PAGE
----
As the years passed after graduating college with a BA in English, I sometimes wondered if I should’ve pursued another path. I loved studying at The College of Wooster and met some amazing people there — inspiring acquaintances, wonderful friends, and my husband. But when I graduated during the Great Recession, and my loan payments were deducted each month, shortly after my retail job paychecks cleared, I couldn’t help but feel that perhaps I hadn’t made the most savvy choice.
I loved working at both Substance and On Paper, and was lucky to have opportunities to flex my writing muscles by blogging and managing social media for both boutiques. But as time passed, I became increasingly frustrated that I wasn’t “using my degree,” and needed to prove to myself that I could be a Writer — with a capital “W.”
In a turn of events that felt fated, my chance came along in the spring of 2013: a potential business copywriting position with Columbus-based startup Fundable. For three months, I continued to work full-time at On Paper, and spent evenings and weekends doing contract work, immersing myself in the alien world of startups, venture capital and angel investors, writing crowdfunding profiles for businesses. In July, I was hired as the company’s first full-time copywriter.
Joining Fundable meant a lot of firsts for me: it was my first office job, my first writing job, my first time working for a male boss (who wasn’t also my dad), my first time working in a male-dominated field, and my first time in a workplace that was overwhelmingly male. At that time, the company was about 25 people, and I was one of three women. Teran, the operations manager, is as friendly and bubbly as they come, but when I first met Laura, the marketing manager, I was instantly intimidated.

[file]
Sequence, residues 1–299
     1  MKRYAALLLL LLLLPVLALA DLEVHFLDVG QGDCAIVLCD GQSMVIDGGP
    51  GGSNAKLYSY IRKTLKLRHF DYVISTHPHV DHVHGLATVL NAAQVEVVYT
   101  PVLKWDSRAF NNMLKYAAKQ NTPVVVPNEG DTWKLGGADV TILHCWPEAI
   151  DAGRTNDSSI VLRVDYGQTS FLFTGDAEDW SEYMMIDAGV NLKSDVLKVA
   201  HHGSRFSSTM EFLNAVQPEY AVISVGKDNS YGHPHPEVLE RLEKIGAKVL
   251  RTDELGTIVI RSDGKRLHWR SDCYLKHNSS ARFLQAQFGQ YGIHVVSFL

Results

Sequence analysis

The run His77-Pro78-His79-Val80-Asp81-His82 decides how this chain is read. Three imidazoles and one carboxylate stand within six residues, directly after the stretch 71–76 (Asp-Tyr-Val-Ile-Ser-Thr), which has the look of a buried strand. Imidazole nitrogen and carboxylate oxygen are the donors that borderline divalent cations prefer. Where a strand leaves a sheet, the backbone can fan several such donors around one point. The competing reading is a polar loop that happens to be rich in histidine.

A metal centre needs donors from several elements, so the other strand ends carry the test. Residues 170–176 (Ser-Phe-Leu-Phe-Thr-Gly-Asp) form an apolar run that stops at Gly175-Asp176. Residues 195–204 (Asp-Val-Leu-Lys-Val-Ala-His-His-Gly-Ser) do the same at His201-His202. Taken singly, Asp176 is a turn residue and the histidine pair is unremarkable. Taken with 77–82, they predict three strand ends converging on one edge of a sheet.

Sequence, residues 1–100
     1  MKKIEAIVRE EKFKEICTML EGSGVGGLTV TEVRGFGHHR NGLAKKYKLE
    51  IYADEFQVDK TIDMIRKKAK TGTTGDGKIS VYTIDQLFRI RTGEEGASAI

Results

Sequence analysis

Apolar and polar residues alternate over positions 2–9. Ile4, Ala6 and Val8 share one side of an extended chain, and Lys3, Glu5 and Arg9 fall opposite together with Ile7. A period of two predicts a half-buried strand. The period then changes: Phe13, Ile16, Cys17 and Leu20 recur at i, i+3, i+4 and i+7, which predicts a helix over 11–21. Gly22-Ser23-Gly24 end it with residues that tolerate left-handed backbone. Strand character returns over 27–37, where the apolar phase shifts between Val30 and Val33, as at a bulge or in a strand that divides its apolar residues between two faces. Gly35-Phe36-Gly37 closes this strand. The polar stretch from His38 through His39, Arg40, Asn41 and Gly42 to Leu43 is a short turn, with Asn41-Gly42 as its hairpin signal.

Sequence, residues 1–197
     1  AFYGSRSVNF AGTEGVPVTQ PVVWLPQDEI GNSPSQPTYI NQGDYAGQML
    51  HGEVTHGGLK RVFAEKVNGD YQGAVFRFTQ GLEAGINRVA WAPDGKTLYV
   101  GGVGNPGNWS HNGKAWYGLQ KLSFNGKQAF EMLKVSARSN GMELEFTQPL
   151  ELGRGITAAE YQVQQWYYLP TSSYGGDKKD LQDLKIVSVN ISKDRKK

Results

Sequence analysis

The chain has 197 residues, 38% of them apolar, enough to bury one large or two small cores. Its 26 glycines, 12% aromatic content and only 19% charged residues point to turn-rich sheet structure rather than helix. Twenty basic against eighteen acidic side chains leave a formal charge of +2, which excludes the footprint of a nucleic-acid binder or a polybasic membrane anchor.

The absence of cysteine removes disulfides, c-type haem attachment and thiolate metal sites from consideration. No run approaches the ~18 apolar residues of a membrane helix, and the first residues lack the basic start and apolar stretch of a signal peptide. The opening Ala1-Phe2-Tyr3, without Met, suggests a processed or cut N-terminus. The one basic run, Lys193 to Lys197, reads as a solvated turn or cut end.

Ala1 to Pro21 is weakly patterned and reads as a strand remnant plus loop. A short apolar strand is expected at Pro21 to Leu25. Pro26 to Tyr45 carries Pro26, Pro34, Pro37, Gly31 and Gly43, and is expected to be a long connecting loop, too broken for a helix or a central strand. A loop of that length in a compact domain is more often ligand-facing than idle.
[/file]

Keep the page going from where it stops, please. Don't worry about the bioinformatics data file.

Her confidence and competence were evident from the first; she spoke up in meetings with the kind of efficient eloquence that only comes from a firm understanding of the subject matter. Meanwhile, I was silently struggling to remember what ROIs, CPLs, and KPIs were. Laura’s perfectly straight blonde hair and cute-but-office-appropriate wedges seemed like a direct challenge to my frizzy brunette bun and scuffed flats. When I found out that she had been the president of her sorority at OSU, I wasn’t the least bit surprised, and I thought longingly of my own small band of college girlfriends, united in our introversion.
Do you see what’s happening here? After years of proudly, happily working with and for strong, smart women, I found myself in a male-dominated workplace and immediately (albeit unconsciously) pitted myself against my only female peer.
Holy shit, patriarchy, you’re sneaky af.
I wish I could say that I wised up quickly, but it took me months to realize that Laura’s “unfriendliness” (aka totally professional civility), “coldness” (literally just focusing on her work), and “competitive attitude” (nonexistent, and a projection of my own feelings) were figments of my imagination.
Over time, I became more comfortable and confident in my work, took on more responsibility and started working more with Laura, as our areas of expertise naturally overlapped. And you know what I found? Laura was as kind as she was competent, as humble as she was confident, and though at first she seemed perfectly polished and poised, she was also hilarious and warm and silly once you got to know her.
Laura taught me volumes about marketing, business funding, and startups, and always rooted for me when I took on new challenges. When I was feeling overwhelmed or pessimistic, I could count on her as a confidante and a cheerleader. Her presence grounded me; when you work at a startup things can get pretty crazy — but Laura was always a class act, and I loved her for it.
While I definitely feel ashamed about how I let my own insecurities cloud my judgement when Laura and I first met, I am so glad that I had the opportunity to be proven wrong. It taught me two huge lessons:
1. What you think you see in others may actually be your fears reflected back at you.
2. Don’t fall for the patriarchal myth that women in the workplace are in competition.
Because let’s face it: we’re only getting to the top if we help each other up.